Wednesday, February 14, 2007

Authorities and Officials fail miserably investigating each other

CONNECTICUT NEWS

A Mom's Sleuthing Leads To Guilty Plea

February 14, 2007
By ALAINE GRIFFIN, Courant Staff Writer
MIDDLETOWN -- For months, Jane Couto agonized about her mentally disabled daughter's health, wondering why medication that was once effective was no longer helping the young woman's fatigue and depression.

Then one day when Melissa Couto was home visiting, sunlight shining through a window revealed that a capsule of medicine for Melissa was nearly empty. It appeared that someone at the Westbrook residential treatment facility in which Melissa Couto was living was tampering with her medication.

But Jane Couto didn't wait for police to investigate.

With the help of her younger daughter, Ashley, Couto hid small cameras in air purifiers and a clock radio inside Melissa's room at Vista Vocational & Life Skills Center.

The mother-daughter detective team helped police nab one of the facility's workers, Cheri Oman, who pleaded guilty Tuesday in Superior Court to criminal charges related to the drug tampering.

"This woman took away my daughter's independence and the trust we had in people who were supposed to take care of her," Couto, 43, of North Stonington, said after Tuesday's court hearing.

Oman, 44, of Preston, had faced 16 years in prison if convicted of reckless endangerment and illegally manufacturing a controlled substance. When she is sentenced in April, Oman could get up to two years in prison, according to the court-indicated plea deal.

Prosecutor Maureen Platt said she intends to argue for the full two-year prison sentence for Oman. Platt said Tuesday the tampered medicine "could have been absolutely tragic" for Melissa Couto, now 23.

"Sadly enough, some of her responsibility was to ensure that the patients were safe and accounted for," Platt said about Oman. "It's sort of ironic."

During visits home last winter and spring, Melissa was tired and slept a lot. Melissa routinely took Focalin, a form of Ritalin, an antidepressant and another drug that helped prevent fatigue. When Couto opened the pill capsules, she noticed inconsistent amounts of medication inside.

Last July, Jane and Ashley Couto, 20, a college student, installed the cameras in Melissa's room at Vista, on Old Clinton Road. The lenses were aimed at the nightstand in which the medication was stored.

On at least three late nights and early mornings, the camera recorded Oman, sometimes carrying a flashlight, entering the room, court records say. She would shine the flashlight on the faces of Melissa and her roommate and then "bend down toward the nightstand ... extending her arm," court records state. Recordings of similar actions taped over a four-week period were turned over to police.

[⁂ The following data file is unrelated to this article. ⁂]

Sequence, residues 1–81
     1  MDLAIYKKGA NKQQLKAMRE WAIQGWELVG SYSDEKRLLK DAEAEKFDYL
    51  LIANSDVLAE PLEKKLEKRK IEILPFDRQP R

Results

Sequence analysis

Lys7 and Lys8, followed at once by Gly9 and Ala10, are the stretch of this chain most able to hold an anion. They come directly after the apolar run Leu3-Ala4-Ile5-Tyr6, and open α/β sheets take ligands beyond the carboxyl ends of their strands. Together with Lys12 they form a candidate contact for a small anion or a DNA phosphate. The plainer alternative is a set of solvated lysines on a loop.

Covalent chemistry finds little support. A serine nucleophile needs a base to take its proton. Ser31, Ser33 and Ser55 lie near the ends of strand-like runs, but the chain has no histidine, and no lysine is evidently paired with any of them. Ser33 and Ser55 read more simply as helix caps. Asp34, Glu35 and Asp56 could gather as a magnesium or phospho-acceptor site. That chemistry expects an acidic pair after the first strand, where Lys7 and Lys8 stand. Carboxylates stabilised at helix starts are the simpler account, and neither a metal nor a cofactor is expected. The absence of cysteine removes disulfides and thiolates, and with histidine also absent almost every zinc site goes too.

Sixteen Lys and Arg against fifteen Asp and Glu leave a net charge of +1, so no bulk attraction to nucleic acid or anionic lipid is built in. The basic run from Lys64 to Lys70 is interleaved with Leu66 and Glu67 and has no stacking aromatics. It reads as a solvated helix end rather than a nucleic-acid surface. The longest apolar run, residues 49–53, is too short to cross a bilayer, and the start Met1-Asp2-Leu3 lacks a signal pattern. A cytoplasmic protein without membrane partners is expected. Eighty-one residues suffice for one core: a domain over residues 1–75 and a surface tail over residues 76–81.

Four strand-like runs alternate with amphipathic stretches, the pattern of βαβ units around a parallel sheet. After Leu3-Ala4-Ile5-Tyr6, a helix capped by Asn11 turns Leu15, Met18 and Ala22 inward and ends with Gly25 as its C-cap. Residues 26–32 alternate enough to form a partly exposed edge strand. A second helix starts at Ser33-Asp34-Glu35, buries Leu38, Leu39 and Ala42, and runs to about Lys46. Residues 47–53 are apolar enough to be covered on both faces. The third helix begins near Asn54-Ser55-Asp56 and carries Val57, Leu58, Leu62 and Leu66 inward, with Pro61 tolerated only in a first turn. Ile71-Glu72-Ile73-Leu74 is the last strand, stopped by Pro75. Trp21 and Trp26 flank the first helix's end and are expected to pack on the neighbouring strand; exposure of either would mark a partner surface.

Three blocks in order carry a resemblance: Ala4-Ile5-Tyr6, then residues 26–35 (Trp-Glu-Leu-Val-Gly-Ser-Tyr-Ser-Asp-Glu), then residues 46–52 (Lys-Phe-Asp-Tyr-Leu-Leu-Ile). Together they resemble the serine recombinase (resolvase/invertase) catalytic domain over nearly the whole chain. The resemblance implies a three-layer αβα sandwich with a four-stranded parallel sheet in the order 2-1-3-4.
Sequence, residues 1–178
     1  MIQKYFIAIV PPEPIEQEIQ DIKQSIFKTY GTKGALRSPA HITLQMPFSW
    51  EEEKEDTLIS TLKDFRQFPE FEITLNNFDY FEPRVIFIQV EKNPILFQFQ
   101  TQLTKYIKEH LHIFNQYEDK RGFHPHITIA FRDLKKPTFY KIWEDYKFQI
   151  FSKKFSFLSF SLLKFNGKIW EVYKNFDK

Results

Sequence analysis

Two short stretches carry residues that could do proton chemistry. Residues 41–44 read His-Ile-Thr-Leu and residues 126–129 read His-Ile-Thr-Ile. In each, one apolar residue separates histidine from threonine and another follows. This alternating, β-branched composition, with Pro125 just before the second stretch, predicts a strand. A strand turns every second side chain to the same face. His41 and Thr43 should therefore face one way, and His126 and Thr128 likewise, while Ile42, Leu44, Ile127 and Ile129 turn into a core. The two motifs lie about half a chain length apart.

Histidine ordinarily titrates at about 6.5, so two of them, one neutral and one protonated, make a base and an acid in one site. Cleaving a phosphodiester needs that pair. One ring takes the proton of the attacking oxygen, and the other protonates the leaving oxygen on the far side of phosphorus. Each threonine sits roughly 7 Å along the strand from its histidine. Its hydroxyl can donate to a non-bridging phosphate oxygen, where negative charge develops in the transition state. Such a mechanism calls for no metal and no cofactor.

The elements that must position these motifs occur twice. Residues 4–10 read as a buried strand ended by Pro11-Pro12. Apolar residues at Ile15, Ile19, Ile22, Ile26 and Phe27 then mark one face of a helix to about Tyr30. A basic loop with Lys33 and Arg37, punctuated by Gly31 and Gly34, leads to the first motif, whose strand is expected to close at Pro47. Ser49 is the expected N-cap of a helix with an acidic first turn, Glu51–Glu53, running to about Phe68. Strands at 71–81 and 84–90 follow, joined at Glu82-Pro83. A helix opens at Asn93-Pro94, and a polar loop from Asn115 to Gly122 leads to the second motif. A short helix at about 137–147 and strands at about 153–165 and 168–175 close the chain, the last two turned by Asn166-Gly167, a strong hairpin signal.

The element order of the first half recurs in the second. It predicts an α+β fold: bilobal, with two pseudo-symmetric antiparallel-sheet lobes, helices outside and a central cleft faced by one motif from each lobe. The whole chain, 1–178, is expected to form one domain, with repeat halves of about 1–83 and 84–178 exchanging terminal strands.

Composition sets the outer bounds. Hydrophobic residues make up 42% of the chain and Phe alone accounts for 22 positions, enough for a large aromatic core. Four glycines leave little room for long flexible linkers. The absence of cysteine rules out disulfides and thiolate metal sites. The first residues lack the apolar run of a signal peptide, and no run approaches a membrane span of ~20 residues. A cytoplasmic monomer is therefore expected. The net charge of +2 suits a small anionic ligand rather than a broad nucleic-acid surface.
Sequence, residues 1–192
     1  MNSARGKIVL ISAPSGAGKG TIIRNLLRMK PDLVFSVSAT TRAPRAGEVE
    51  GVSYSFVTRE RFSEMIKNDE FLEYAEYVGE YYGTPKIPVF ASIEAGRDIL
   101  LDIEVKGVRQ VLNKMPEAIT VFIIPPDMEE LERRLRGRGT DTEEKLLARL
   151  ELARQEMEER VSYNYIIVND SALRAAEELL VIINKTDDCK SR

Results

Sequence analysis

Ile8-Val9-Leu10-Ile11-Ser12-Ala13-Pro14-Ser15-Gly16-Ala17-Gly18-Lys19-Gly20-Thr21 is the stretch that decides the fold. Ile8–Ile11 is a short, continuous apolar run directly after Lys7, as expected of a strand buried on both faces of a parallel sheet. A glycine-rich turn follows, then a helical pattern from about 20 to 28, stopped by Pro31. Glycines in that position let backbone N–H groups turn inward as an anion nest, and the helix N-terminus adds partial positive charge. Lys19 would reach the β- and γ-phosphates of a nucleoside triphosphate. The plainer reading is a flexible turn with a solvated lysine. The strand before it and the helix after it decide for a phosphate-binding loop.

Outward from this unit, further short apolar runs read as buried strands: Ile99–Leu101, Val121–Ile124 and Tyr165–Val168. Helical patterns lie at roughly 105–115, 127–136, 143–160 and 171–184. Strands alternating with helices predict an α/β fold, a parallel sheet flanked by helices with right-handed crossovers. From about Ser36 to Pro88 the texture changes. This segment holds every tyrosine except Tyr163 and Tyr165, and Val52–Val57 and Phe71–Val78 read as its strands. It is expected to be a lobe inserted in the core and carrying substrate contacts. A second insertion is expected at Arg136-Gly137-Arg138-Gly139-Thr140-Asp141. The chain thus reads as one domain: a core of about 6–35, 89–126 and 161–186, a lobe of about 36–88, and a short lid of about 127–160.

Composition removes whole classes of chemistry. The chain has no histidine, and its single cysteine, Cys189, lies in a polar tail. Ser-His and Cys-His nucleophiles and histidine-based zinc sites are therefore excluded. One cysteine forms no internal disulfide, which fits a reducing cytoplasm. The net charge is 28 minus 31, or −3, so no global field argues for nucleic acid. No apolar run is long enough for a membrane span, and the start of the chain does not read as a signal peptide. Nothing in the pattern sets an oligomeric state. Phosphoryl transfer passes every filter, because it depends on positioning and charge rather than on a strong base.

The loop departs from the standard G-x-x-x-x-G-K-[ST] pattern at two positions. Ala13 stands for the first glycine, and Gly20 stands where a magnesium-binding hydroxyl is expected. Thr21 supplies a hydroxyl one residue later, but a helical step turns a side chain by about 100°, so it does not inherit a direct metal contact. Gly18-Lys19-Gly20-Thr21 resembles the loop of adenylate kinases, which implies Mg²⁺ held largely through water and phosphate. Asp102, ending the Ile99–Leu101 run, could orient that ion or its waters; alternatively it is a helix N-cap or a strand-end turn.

Oman was an overnight team leader at Vista and had worked there since September 2004. When confronted by police, Oman first denied tampering with the medication. When police told her about the hidden cameras, Oman "then admitted to stealing the victim's Focalin capsules and even replacing the Focalin capsules with Effexor and aspirin," court records say. Oman told police she used the Focalin because she "was having trouble staying awake at night" during her overnight shift at the facility.

Helen K. Bosch, executive director of Vista, said Oman has been fired. In a statement released Tuesday, Bosch called the medicine tampering "an extremely unusual case" and said all Vista employees undergo criminal background checks as well as checks with the state Department of Mental Retardation and state Department of Motor Vehicles.

"Since this incident, we have instituted a policy that requires a universal pre-hire drug screening. Additionally, there have always been systems in place to protect personal items such as medicines for each individual," the statement says.

Melissa Couto said she never wants to return to Vista. She now works at a local supermarket and is in the care of her mother, who said she will no longer trust a facility to care for her daughter.

"This shows that you should always be aware of what's going on at a place where you put a family member's life in the hands of another," Jane Couto said. If she didn't plant the cameras, Couto said she believes she still would be struggling to find out what was ailing her daughter.

Jane Couto has hired a lawyer since Oman's arrest and said she may donate the $6,000 worth of surveillance equipment she bought to police.

Contact Alaine Griffin at agriffin@courant.com.

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[click here] for my complaint regarding officials and authorities not investigating themselves. Priests did a poor job of policing themselves. Those of a flock, fly together, and cover for each other.

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